On Jan. 27, 2022, the California Supreme Court issued its unanimous
decision in Lawson v. PPG Architectural Finishes, Inc., clarifying
that whistleblower retaliation claims brought pursuant to Section
1102.5 of the California Labor Code must be analyzed under the more
employee-friendly framework set forth in Section 1102.6 of the Labor Code,
rather than the McDonnell Douglas burden-shifting standard
employed under federal law.
involved a former employee of PPG Architectural Finishes, Inc., a paint and
coatings manufacturer. After an initial positive review, PPG gave Lawson
poor performance ratings, placed him on a performance improvement plan and
eventually terminated his employment. Lawson filed suit against PPG in
federal court, claiming that PPG fired him in violation of Section 1102.5 after
he complained about purportedly fraudulent practices.
PPG moved for summary judgment under the three-part McDonnell Douglas burden-shifting framework that applies to
retaliation claims under the California Fair Employment and Housing Act and
Title VII of the Civil Rights Act. Under that standard, an employee must
first establish a prima facie case of retaliation, at which point
the burden shifts to the employer to state a legitimate reason for the
adverse employment action. If a legitimate reason is proffered, the burden
shifts back to the employee to demonstrate, through substantial evidence,
that the employer’s proffered legitimate reason is a pretext for
retaliation. Applying the McDonnell Douglas standard, the federal
court granted summary judgment in PPG’s favor.
Lawson appealed to the U.S. Court of Appeals for the Ninth Circuit and
asserted that the lower court erroneously applied the McDonnell Douglas standard to his whistleblower claim, as opposed
to the statutory framework set out in Section 1102.6. The California
Legislature added this section to the Labor Code in 2003 to provide that
“[i]n a civil action or administrative proceeding brought pursuant to
Section 1102.5,” an employee has the initial burden to establish by a
“preponderance of evidence” (more likely than not) that retaliation for
whistleblower activity was a contributing factor in an adverse employment
action. Once an employee makes this showing, the burden shifts to the
employer to demonstrate, by clear and convincing evidence, that it would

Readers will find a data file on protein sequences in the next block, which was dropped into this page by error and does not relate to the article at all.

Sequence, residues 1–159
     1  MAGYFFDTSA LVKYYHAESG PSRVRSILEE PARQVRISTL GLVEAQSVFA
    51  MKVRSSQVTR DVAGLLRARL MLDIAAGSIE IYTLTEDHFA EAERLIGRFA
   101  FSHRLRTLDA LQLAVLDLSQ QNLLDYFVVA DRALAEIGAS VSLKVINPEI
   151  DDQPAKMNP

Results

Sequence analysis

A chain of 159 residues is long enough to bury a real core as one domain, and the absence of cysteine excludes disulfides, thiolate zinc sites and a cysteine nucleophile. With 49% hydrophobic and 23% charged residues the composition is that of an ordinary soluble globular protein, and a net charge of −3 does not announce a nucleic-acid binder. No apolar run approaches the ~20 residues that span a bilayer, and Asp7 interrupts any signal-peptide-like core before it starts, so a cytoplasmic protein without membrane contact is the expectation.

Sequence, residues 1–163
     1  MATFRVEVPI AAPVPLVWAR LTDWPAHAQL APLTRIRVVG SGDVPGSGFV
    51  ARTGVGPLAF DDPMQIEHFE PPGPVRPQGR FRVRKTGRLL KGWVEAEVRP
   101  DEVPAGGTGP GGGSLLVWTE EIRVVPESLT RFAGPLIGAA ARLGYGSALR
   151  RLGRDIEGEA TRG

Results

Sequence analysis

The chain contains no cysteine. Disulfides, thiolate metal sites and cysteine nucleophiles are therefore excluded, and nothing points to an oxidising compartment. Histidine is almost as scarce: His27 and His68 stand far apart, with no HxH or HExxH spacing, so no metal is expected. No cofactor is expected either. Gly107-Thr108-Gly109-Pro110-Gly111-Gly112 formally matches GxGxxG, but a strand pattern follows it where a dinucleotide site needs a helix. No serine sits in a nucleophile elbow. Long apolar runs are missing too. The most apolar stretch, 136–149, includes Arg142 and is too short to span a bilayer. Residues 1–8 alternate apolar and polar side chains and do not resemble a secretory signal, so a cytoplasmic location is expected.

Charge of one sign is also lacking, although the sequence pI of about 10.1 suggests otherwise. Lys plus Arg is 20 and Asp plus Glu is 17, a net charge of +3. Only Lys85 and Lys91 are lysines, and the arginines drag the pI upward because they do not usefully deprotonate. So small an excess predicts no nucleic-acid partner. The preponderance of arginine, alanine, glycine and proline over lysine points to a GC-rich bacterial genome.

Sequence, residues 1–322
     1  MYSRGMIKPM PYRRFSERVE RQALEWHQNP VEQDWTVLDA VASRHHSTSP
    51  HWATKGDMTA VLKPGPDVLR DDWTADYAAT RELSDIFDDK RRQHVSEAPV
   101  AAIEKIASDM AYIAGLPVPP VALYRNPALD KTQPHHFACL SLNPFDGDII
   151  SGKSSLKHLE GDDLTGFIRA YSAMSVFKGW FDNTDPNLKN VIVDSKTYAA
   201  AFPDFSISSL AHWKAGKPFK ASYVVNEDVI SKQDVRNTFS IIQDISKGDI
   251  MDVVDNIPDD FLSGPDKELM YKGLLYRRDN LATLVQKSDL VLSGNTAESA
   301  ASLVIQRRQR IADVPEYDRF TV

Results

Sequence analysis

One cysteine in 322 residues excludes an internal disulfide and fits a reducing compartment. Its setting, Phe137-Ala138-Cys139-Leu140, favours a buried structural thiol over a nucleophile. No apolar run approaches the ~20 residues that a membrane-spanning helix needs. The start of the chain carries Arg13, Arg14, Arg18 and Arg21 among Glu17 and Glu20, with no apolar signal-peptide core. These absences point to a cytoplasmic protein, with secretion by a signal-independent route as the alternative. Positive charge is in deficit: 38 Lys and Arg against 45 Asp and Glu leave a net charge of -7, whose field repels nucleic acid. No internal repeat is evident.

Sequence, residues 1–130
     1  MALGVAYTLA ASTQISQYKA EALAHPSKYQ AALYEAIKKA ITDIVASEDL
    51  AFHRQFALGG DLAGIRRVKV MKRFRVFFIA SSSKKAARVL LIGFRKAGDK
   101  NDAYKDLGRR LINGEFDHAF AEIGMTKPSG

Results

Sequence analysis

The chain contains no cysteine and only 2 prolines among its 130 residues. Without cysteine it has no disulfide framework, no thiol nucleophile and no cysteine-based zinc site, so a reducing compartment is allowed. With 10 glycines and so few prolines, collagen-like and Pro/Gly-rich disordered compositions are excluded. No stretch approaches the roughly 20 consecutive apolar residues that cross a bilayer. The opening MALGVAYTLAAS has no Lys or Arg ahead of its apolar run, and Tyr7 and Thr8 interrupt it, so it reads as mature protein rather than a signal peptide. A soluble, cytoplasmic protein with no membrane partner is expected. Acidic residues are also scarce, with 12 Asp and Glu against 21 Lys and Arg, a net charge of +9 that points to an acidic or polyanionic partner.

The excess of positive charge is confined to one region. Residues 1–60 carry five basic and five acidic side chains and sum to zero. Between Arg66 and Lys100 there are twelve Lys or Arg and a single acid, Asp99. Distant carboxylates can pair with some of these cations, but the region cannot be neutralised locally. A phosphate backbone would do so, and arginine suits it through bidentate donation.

have taken the action in question for legitimate, independent reasons even
if the employee had not engaged in the protected activity.
When confronted with Lawson’s appeal, the Ninth Circuit noted that, despite
the enactment of Section 1102.6, there continued to be variation and
confusion among courts assessing Section 1102.5 claims as to which legal
standard applied. It asked the California Supreme Court to provide
guidance. In its decision, which it described as “[u]nsurprising,” the
California Supreme Court unanimously concluded that “courts should apply
the framework prescribed by statute in Labor Code section 1102.6” when
evaluating whistleblower retaliation claims brought under Section 1102.5.
Under this standard, employee-plaintiffs will have a much easier time
surviving summary judgment and establishing whistleblower retaliation
claims. They will not need to show that the employer’s nonretaliatory
reason for the adverse employment action was pretextual, and need to show
only that retaliation was a contributing factor in the adverse
Likewise, Section 1102.6 imposes a higher standard on employers to rebut
the employee’s minimal showing, as an employer must present “clear and
convincing” evidence that the adverse action would have been taken for
legitimate reasons even if the employee did not engage in protected
activity. To meet this standard under California law, an employer must show
that it is “highly probable” that its contentions are true, or that the
evidence is “sufficiently strong to command the unhesitating assent of
every reasonable mind.” Notably, the standard of proof for employers is
higher than the standard for employees to show that their whistleblower
activity was a contributing factor to the adverse action.
As a result of this decision, employers can expect to see more retaliation
claims cast as statutory whistleblower claims in the future.
For further information about the impact of this decision, please contact
the authors of this article or your McGuireWoods contact.